Get Answers to Your Benefits Questions in Our Disability FAQ

Dealing with the process of applying for and receiving disability benefits, whether it’s through the Social Security Administration (SSA), your employer, or a private insurer, can be a challenge, and many people are left with questions about what they can do to get the help they need. At the law offices of Loyd J. Bourgeois, we understand how hard it can be to get the answers you need. That’s why we’ve put together the following list of Frequently Asked Questions (FAQs) and answers dealing with personal injury, disability benefits, claims, and appeals and the related law in Louisiana.

The following are some FAQs that I receive as a Louisiana attorney. They may answer some of the questions you have regarding your Social Security Disability appeal, your long-term disability insurance denial, or your personal injury claim. If you have a question that is not answered here, please call the legal team of Louisiana Disability Law, Loyd J Bourgeois at 985-240-9773.

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  • Can a Louisiana child with disabilities qualify for disability benefits?

    I was recently asked whether a young child who was recently diagnosed with cancer would be eligible to receive disability benefits, specifically, the parents wanted to know whether they could obtain cash benefits to help with medical costs and/or Medicare/Medicaid benefits.

    The answer to this question depends on the specific circumstances of the child’s case and the parents’ income and resources.

    From the Social Security perspective, a child (under age 18) may be eligible for Supplemental Security Income (Title XVI).  To qualify for SSI, the child’s disability must meet two requirements (1) medical and (2) income/resource.  From a medical standpoint, the child needs to either meet a Childhood Listing or must have marked limitations in two of five functional domains or an extreme limitation in one domain.   The child (and his parents/guardians) will also have to meet the SSI resource and income limitations in order to qualify.  The SSI income and resource limits are very low and usually disqualify most children whose parents are working class or higher.  Generally, if the child and the family qualify for SSI, they will also obtain Medicaid.

    The other question is, even if SSI benefits are unavailable due to resources/income, whether the child or his family may qualify for medical assistance.  Unfortunately, in many cases, the answer is no or very limited help.  Medicaid or medical assistance qualification in Louisiana is described by the Louisiana Department of Health and Hospitals.  Medicare qualification can be found on the SSA website.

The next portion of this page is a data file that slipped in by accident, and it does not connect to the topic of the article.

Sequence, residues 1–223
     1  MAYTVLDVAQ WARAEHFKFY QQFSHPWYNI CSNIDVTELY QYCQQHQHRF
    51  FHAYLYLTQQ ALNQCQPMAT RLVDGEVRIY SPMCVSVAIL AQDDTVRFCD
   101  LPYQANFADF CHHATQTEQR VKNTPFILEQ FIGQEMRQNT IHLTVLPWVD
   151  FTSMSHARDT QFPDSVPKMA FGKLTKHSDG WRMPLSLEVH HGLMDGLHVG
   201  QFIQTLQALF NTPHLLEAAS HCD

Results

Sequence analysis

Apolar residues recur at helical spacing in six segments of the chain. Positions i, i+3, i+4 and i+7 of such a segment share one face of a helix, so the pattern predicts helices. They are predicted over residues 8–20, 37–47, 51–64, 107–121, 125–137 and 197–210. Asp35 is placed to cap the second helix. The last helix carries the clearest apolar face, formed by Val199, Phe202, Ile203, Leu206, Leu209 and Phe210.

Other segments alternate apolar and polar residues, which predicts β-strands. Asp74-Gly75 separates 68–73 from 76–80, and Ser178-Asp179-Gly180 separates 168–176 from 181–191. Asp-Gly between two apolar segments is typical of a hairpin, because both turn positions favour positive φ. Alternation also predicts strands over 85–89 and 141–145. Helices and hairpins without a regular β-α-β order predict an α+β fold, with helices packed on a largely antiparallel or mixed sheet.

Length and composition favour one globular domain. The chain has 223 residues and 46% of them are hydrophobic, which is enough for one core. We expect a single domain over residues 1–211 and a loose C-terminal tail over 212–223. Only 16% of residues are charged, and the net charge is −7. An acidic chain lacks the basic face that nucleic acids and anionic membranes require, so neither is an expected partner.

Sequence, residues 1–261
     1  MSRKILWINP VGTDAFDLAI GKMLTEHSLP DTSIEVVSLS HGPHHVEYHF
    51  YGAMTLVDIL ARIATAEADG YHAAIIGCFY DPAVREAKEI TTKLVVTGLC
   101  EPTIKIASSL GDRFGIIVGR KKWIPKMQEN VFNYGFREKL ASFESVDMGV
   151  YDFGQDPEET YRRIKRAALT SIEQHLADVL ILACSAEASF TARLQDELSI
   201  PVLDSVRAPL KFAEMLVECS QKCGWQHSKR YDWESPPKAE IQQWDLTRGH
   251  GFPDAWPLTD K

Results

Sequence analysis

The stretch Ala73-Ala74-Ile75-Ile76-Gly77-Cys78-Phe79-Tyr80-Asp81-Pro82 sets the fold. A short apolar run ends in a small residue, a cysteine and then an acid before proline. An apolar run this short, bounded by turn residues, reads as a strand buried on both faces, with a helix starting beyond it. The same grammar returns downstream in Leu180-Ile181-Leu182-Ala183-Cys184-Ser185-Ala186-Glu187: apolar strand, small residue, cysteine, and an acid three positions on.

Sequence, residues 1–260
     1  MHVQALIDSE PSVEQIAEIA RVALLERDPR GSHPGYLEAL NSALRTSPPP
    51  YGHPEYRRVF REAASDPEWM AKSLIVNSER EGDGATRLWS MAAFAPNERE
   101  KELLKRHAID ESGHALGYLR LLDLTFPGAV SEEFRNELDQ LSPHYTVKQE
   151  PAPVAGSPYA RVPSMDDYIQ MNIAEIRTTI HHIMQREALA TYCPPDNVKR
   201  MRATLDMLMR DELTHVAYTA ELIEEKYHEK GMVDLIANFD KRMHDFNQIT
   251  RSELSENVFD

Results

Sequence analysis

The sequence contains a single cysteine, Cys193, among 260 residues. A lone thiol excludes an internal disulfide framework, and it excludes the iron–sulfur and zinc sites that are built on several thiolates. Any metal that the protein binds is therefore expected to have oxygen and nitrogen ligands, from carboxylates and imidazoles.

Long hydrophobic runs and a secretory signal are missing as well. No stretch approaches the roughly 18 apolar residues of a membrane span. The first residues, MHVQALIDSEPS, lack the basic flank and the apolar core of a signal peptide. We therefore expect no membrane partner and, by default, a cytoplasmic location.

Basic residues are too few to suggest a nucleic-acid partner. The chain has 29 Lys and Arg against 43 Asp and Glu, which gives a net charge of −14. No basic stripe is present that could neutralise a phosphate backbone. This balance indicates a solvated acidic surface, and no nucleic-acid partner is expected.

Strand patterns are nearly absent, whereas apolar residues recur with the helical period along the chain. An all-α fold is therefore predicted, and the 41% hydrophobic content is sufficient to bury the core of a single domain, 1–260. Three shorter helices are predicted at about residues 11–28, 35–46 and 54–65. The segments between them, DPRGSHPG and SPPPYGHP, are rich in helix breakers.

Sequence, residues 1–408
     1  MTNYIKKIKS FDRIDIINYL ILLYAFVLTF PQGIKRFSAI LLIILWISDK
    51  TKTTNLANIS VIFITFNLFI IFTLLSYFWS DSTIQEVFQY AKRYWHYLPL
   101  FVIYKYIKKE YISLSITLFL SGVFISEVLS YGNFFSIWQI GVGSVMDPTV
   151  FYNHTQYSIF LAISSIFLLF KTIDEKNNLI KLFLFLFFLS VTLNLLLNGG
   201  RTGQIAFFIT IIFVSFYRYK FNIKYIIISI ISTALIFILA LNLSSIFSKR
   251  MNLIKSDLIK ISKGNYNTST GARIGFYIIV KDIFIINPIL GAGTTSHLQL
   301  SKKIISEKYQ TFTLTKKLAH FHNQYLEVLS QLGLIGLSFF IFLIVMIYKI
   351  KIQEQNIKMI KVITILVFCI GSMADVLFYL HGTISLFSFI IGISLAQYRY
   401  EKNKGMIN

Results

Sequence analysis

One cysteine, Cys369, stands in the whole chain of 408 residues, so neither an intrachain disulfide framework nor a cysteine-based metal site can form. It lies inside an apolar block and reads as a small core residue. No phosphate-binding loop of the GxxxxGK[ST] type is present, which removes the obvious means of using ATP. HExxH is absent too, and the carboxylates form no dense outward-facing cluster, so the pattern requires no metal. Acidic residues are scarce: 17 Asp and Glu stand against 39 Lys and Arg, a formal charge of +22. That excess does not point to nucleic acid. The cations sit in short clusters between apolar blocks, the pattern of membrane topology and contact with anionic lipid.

If your child has a disability and you are curious about your child’s eligibility, it never hurts to talk to a skilled Social Security attorney who can give you intelligent answers that steer you in the right direction. Contact disability attorney, Loyd Bourgeois, at 985-240-9773 for a free case evaluation.

  • What is the difference between SSDI and SSI?

    • Social Security Disability Insurance (SSDI) is a disability insurance program financed by Social Security taxes. To qualify for SSDI, the worker must earn a certain level of credits based on taxable work. SSDI disability benefits are payable to disabled workers, widows, widowers, and adults disabled since childhood if they are otherwise eligible.
    • Supplemental Security Income (SSI) is a need-based government assistance program. SSI makes monthly payments to people who are blind, disabled or age 65 or older who have low income and limited resources, meet certain living arrangement requirements, and are otherwise eligible. Disabled or blind children and those who have never worked or whose work history has not earned them enough credits to qualify for SSDI may receive consideration for disability benefits under the SSI program. The Social Security Administration manages the SSI program, but SSI is not paid for by Social Security taxes. SSI is paid for by U.S. Treasury general funds.

    For more information, see blog posting: SSI vs SSDI